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SEC fines Tennessee $250k after fans throwing trash on field halts game against Ole Miss

The SEC said is not suspending alcohol sales privileges for the University of Tennessee at this time but reserves the right to do so.

KNOXVILLE, Tenn. — The Southeastern Conference announced Monday the University of Tennessee will be fined and must meet requirements set forth by the Commissioner after fans threw trash onto the field, interrupting the game against Ole Miss on Saturday, Oct. 16.

Officials had to stop Saturday's game for nearly 20 minutes after a controversial fourth down call during the final minute of the Ole Miss-Tennessee football game prompted some UT fans to start throwing trash on the field.

Ole Miss had to clear their sidelines in fear of getting hurt. The Pride of the Southland Marching Band and UT cheerleading squad also had to leave the field to avoid being struck by any of the debris.

Former Vols head coach Lane Kiffin, now the coach of the Rebels, said he was hit with a golf ball during the trash throwing. He brought it with him to his postgame press conference.

He also said he got hit with some bottles with brown stuff in them. He didn't know what it was but said he didn't think fans would waste their moonshine on him.

RELATED: UTPD working to identify fans who threw trash at Neyland Stadium during Ole Miss game

"The disruption of Saturday night's game is unacceptable and cannot be repeated on any SEC campus," SEC Commissioner Greg Sankey said. "Today's actions are consistent with the oversight assigned by the membership to the SEC office, including the financial penalty and review of alcohol availability. We will use this opportunity to reemphasize to each SEC member the importance of providing a safe environment even with the intensity of competition that occurs every week. We will also reengage our membership in further review of the alcohol availability policy to consider additional measures for the sale and management of alcohol while providing the appropriate environment for collegiate competition."

According to a release from the SEC, under the conference's sportsmanship, game management and alcohol availability policies, UT will:

  • Be assessed a financial penalty of $250,000, which will be deducted from the university's share of SEC revenue distribution.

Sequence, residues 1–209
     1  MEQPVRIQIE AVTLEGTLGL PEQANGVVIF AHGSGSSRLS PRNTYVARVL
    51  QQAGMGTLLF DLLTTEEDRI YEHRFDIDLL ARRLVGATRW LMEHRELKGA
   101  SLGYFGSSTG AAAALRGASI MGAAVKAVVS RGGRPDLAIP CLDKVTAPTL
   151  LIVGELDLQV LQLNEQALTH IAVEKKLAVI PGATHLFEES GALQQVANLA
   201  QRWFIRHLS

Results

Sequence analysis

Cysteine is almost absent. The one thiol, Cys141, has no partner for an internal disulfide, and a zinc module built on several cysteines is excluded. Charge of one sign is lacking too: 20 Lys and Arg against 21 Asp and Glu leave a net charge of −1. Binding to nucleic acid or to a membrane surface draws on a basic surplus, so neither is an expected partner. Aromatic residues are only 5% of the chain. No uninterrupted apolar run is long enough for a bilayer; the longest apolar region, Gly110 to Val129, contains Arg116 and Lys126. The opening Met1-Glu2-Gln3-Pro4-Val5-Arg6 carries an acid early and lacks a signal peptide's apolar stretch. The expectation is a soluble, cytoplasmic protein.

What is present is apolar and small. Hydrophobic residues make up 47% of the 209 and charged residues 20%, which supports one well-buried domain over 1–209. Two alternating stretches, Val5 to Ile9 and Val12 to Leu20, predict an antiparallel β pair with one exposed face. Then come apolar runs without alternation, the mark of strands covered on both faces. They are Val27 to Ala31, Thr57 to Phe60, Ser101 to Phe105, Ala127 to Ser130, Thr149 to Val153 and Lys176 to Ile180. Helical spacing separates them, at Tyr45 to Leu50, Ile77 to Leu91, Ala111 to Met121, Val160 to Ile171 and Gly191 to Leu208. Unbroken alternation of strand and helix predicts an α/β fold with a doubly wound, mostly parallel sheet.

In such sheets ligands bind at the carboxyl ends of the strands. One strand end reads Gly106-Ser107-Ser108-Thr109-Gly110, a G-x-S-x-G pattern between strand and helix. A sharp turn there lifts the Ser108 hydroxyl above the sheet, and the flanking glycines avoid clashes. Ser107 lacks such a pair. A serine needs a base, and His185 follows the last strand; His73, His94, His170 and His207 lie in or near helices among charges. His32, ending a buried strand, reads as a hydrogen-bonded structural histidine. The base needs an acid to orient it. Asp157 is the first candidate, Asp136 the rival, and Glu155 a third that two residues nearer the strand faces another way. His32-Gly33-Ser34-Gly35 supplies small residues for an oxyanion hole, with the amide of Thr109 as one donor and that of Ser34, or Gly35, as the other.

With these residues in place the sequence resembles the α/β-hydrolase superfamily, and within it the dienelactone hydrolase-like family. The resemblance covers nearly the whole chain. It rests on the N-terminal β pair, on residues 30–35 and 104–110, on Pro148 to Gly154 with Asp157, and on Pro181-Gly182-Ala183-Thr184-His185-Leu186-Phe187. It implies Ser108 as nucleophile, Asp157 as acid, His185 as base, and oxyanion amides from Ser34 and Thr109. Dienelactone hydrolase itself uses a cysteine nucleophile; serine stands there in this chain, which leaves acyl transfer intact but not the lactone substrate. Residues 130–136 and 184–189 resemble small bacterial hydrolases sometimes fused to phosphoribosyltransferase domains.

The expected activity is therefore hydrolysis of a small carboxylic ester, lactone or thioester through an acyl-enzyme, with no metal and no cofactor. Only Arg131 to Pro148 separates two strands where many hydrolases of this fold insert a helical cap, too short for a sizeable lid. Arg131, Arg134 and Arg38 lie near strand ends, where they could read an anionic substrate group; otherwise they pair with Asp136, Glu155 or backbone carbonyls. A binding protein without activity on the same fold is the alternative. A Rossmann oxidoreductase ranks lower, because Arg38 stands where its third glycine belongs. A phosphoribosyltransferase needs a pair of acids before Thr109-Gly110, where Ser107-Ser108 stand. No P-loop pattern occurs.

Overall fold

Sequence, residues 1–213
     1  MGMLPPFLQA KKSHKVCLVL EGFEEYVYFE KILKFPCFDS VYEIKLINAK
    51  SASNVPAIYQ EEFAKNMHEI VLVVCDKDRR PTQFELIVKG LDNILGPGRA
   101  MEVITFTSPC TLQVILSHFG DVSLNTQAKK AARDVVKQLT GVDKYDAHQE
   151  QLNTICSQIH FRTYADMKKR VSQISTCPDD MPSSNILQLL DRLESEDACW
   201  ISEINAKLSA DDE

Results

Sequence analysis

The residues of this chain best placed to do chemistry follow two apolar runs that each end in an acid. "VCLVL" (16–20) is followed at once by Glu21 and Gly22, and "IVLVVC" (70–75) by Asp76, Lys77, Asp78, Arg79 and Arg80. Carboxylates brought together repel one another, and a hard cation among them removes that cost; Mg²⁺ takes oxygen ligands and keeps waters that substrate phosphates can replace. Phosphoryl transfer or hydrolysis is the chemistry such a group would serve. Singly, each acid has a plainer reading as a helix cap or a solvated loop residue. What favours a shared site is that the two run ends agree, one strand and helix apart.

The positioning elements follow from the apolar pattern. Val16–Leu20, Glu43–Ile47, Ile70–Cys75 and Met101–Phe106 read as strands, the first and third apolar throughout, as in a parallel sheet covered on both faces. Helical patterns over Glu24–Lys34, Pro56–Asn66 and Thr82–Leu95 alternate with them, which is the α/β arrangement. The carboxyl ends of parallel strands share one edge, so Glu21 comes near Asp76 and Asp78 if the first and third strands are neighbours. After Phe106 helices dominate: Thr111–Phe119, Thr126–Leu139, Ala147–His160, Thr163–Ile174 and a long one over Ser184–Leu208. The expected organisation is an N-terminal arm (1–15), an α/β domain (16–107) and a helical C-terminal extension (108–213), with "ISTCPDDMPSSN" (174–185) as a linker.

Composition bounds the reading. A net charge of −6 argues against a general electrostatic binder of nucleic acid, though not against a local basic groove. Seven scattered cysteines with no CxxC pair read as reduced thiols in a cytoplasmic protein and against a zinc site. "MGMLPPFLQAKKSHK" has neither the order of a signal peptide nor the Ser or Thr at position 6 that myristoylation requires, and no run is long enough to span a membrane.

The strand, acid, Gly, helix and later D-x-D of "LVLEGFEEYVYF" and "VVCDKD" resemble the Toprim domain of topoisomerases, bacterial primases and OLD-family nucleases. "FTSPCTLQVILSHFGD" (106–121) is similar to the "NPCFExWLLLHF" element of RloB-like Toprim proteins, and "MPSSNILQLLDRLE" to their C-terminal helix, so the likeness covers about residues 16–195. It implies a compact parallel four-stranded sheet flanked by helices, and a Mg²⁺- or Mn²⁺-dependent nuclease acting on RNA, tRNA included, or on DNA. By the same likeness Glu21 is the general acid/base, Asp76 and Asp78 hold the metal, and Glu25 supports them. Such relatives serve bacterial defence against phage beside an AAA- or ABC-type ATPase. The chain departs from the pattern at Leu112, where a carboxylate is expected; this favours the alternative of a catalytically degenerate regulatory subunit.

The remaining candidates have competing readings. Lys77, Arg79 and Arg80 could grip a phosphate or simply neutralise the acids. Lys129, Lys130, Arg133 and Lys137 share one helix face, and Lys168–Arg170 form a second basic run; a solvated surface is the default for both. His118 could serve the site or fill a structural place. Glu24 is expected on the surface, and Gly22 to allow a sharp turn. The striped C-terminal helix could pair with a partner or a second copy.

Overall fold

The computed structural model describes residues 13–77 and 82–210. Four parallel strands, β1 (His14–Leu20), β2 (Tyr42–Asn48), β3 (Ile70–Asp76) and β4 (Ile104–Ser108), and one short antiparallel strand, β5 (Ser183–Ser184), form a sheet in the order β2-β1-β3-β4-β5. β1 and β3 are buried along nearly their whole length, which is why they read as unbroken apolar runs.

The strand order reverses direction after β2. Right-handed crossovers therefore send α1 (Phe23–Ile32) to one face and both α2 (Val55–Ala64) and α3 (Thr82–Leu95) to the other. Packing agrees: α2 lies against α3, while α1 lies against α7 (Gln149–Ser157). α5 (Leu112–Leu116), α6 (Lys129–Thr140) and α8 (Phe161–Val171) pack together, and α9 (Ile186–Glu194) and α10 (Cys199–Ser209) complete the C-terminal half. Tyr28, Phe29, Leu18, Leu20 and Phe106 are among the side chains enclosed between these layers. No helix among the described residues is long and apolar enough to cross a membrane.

• Be required to use all available resources, including security, stadium and television video, to identify individuals who threw objects onto the playing field or at the opposing team. All individuals identified as having been involved in disrupting the game shall be prohibited from attending Tennessee Athletics events for the remainder of the 2021-22 academic and athletic year.
  • Review and update its Athletics Department game management procedures and alcohol availability policies to prevent a recurrence of Saturday night's disruption, which shall include an evaluation of agreed-upon SEC Sportsmanship, Game Management and Alcohol policies to verify full compliance with existing standards.
  • Following completion of this review and prior to the University of Tennessee's next home football game, the university shall provide a report to the Conference Office to summarize its efforts to identify and penalize offenders and its plan to enact policies to prevent future similar incidents while ensuring compliance with Conference standards.

The SEC said these actions are consistent with the Commissioner's Regulations relating to the availability of alcoholic beverages at athletics events which states, "If cans or plastic bottles are used as projectiles or otherwise cause game management issues, the institution is subject to an immediate fine and suspension of the alcohol sales privilege."

The SEC said it is not suspending alcohol sales privileges for UT at this time but reserves the right to do so if other requirements outlined above are not met.

Shortly after the SEC's announcement, Tennessee Vice Chancellor/Director of Athletics Danny White issued the following statement:

“I was in communication with Commissioner Sankey throughout the weekend, and we discussed a variety of things that took place Saturday night. As I stated after the game, the actions that led to the temporary stoppage of play were unacceptable. The conduct of a small percentage of fans has led to unfortunate consequences on multiple fronts. While I don’t believe that conduct is representative of the Tennessee fanbase as a whole, I understand this imperative action by the league. Safety is paramount.

Some elements of what the league office has instructed were already in motion, as a review of in-venue video began this weekend. Internally—and in collaboration with our campus partners—we’ll continue to evaluate accountability measures and develop an action and education plan for future games.”

In a press conference on Monday, Vols head coach Josh Heupel praised the energy and atmosphere on Saturday night. 

"To see our student body rush down to the bottom part of the section and the remainder of our crowd to be amped up for the final minute of the play, that’s the take-away," Heupel said. 

"Our administration has obviously made it clear that isn’t what we want from the volunteer spirit. You know that I feel the same way. It was a very few number. I’ve been in a lot of competitive arenas as a player and as a coach. There was nothing better than I’ve ever been in that happened on Saturday night.”